House Speaker William J. Murphy, who is friendly with Ryan and has golfed with him on occasion, says, “He wants what’s best for Rhode Island, not only as a citizen, but in the business he’s in — he wants to make sure Rhode Island succeeds.” Noting how the Journal’s editorial page used to be more uniformly Republican, Murphy credits Ryan and Sutton with fostering more of an issue-by-issue approach.
Perhaps it’s a coincidence, but the ProJo has editorialized in favor of a number of things backed by Murphy — most notably, last year’s unsuccessful casino proposal, developing a port at Quonset Point, and a tax cut for affluent Rhode Islanders. While the Journal used a pro-jobs argument in advocating for the casino, the newspaper would have enjoyed an advertising boost if voters had approved the proposal. Murphy says Ryan and he discuss various issues and Rhode Island’s condition “from time to time.”
One knowledgeable observer thinks the Journal was sincere in its use of a pro-jobs argument to endorse the casino, and that it will be vindicated should Massachusetts proceed with casino gambling. This source offers Ryan a kind of ultimate local tribute: “The thing I liked about him, he’s a born-and-bred Rhode Islander. He understands the state for too long was dominated by the upper crust. It seems like they’re much more down to earth and understanding of working class Rhode Island, and I think a lot of that stuff goes to Mark.”
Ryan is friendly with former Warwick mayor Joseph Walsh, a leading State House lobbyist — each serves as a trustee of the Providence Performing Arts Center — and Walsh, who has represented greyhound owners at Lincoln Park, was firmly on the other side of the casino issue. (Lincoln and Newport Grand, the state’s two gambling parlors, were among the main financial backers of last year’s anti-casino movement.) Asked if they discussed the issue much, Walsh says, “Not really.”
Although ProJo publisher Howard Sutton has occasionally used a heavy hand on the paper’s editorial page, and Ryan came to be an increasing presence in Rawson’s office during the Guild stalemate, the news side doesn’t seem to have many significant complaints about interference from the fourth floor.
Laurie White, president of the Greater Providence Chamber of Commerce, has gotten to know Ryan through his service on the chamber’s board. She calls him “very tough, very smart, fearless. I would say that he’s all about busting up the status quo and conventional thinking, and it appears that he has the ideal personality to do that. I don’t see him as someone who sits around all day fretting about what people might think of him. He speaks his mind freely. What I see is that people enjoy going to meetings with him, because oftentimes he says what others might be reluctant to say out loud.”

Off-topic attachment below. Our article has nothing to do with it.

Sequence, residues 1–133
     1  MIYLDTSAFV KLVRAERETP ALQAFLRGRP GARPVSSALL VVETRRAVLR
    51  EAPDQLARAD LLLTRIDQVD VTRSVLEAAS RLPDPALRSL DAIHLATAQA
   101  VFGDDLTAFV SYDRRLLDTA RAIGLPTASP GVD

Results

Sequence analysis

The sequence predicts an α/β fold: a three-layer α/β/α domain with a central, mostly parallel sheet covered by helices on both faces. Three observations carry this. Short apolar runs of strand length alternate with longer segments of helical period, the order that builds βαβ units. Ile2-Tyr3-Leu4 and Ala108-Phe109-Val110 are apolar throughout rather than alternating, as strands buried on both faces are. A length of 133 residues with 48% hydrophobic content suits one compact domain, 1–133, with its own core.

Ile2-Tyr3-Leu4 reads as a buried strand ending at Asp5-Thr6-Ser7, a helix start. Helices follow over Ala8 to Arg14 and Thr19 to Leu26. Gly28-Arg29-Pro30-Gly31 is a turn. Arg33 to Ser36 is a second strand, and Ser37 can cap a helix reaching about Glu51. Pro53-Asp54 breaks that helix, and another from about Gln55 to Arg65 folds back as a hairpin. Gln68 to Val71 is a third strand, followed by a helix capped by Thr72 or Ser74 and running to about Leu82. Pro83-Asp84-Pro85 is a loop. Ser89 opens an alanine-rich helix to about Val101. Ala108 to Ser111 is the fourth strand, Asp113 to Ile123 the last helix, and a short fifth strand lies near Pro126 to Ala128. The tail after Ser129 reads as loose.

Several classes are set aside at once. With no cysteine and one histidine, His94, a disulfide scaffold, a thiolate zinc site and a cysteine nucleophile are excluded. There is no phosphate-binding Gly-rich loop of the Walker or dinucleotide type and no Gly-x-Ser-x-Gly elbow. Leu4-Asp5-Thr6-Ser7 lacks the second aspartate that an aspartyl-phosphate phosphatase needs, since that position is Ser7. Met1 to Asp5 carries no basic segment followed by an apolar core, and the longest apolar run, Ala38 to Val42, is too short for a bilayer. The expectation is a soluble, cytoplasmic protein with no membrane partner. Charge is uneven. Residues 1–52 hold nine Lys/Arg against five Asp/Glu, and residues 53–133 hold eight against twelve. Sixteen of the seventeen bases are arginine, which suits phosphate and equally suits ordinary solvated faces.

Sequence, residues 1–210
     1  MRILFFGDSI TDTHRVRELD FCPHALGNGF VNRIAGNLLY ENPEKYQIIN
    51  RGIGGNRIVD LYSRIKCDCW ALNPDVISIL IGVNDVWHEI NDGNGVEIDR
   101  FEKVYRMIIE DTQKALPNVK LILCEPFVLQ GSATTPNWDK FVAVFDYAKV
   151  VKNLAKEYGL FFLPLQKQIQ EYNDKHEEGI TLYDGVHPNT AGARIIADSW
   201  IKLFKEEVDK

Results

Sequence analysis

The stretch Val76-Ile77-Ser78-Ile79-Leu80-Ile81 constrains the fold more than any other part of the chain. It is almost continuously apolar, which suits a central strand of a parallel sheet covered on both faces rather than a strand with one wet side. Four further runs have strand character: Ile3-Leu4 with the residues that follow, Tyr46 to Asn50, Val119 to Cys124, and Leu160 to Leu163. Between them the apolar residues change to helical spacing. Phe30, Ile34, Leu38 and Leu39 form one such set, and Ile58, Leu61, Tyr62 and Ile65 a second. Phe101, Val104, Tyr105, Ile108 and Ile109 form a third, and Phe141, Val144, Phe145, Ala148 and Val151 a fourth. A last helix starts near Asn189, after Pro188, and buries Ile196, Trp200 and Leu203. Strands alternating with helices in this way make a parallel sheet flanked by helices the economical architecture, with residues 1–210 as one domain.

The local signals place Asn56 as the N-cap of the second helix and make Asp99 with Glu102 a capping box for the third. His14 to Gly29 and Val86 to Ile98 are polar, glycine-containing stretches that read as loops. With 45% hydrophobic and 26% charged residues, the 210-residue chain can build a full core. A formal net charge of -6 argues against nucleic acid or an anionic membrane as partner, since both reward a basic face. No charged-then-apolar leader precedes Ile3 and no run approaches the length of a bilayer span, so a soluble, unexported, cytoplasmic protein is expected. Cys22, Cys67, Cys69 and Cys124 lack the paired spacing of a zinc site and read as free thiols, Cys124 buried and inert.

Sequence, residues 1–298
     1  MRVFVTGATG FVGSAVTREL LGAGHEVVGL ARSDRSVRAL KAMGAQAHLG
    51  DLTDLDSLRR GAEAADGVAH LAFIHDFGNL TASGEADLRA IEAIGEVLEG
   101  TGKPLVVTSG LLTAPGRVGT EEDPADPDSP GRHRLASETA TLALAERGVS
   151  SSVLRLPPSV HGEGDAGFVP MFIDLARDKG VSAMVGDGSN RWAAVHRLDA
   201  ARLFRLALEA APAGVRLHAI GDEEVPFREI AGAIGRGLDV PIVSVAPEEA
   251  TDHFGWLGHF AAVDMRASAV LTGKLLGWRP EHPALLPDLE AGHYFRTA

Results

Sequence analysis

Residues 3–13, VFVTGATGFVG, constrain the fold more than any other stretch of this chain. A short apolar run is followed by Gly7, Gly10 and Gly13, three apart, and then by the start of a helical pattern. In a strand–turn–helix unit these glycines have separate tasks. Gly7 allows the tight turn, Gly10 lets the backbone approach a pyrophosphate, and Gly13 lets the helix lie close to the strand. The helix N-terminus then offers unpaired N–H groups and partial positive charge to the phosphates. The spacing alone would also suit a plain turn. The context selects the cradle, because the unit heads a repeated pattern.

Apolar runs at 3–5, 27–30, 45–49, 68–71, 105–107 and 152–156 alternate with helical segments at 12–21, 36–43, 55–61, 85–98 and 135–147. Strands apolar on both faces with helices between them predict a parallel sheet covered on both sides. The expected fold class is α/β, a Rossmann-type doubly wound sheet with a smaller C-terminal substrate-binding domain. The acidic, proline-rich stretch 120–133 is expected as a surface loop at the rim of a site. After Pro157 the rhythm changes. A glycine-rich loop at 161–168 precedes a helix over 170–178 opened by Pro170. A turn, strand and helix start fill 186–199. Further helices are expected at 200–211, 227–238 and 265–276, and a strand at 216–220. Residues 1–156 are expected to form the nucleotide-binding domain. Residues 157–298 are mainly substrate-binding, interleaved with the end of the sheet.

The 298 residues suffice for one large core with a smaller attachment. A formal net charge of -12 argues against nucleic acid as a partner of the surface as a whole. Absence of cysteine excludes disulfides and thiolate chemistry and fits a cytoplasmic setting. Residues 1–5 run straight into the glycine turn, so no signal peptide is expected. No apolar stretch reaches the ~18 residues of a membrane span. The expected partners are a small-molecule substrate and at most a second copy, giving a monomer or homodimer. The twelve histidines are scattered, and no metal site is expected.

White, who is married to WJAR-TV investigative reporter Jim Taricani (an occasional Phoenix contributor) recalls how Ryan approached her when Taricani was facing imprisonment a few years back because of his refusal to identify the source of an FBI videotape. Ryan expressed his pride in Taricani, she says, “and told me the Journal would file a friend-of-the-court brief to support him. I believe he [Ryan] has great respect for the field of journalism and I’ve never forgotten that.”
Still, even though internal views of Ryan have mellowed since the bitter four-year labor dispute ended in 2003, one observer, describing him as the iron first to Sutton’s velvet glove, question the duo’s level of support for the paper’s fundamental journalistic mission.
“Things have become more and more production-driven, as if we’re driving out widgets, says the source, who requested anonymity. “It’s all about revenue, it’s all about advertising. They want to keep costs down, and there’s no financial value seen to having a large news staff. It’s almost as if the news department is incidental to the newspaper.”

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